[With about 150 papers and 60 exams to grade in the next week, I’m anticipating that many of my posts over that time will be quicker hits, reflections on the end of a semester. This is the third of those!]
Maybe I’ll get to a point where I don’t feel as if I have anything more to learn about this teaching gig, but I doubt it, and I certainly hope I don’t. Today I had a really good illustration of how important it can be to keep rethinking what we do, even—especially—those things that have worked well for a long time. I’ve taught probably eight or nine sections of American Literature II, and had used more or less the same final exam format every time: a paragraph close reading of a new passage and then a mini-essay linking a couple course texts in a new way. That second part always worked fine, led to some interesting ideas, etc., but this past fall I happened to be reading those finals just after reading the ones from my Intro to Sci Fi and Fantasy class, where the questions are much more creative and fun. Light bulb went off. And so for this semester’s American Literature final, I turned the mini-essay into a choice of one of two (hopefully) more creative and fun questions: a Mr./Ms. American Literature Since 1865 pageant, where three of our characters have to argue for why they’re the most representative character; and a drunken bar conversation where three of our authors are debating whose works best stand the test of time and are worth our continued engagement.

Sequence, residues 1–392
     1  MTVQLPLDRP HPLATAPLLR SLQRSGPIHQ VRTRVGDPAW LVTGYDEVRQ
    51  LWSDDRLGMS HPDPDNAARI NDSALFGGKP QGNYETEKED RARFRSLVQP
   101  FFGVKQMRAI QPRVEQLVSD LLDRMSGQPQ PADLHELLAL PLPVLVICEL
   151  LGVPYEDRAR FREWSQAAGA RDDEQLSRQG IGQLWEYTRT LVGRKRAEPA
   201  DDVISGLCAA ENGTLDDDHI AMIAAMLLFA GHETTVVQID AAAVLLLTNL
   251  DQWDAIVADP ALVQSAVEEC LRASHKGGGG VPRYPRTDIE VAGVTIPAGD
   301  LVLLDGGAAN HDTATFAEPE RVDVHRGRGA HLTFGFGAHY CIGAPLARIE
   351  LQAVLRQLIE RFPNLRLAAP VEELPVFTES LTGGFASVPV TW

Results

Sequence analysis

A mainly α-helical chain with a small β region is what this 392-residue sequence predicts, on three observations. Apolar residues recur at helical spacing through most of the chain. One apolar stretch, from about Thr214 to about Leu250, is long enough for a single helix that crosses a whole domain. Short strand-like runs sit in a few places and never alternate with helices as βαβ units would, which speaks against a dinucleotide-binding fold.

Needless to say, the results, which I looked at briefly and will be grading tonight, are significantly more creative as well. Not only because they include images like Kate Chopin asking Mark Twain and F. Scott Fitzgerald if they want to do jello shots, but also and more importantly because they allowed students to have some fun with our texts and voices while still developing analytical takes on them for sure. Makes me wonder why I waited so long to do this. But better late than never, and if I had it all figured out already—well, I’d be wrong. More tomorrow,
PS. Any creative or fun assignments you’ve given, taken, seen?
I hope you take this as the compliment it's meant to be: You would have made a wonderful high school teacher. :)ReplyDelete
AMD - See ya next year.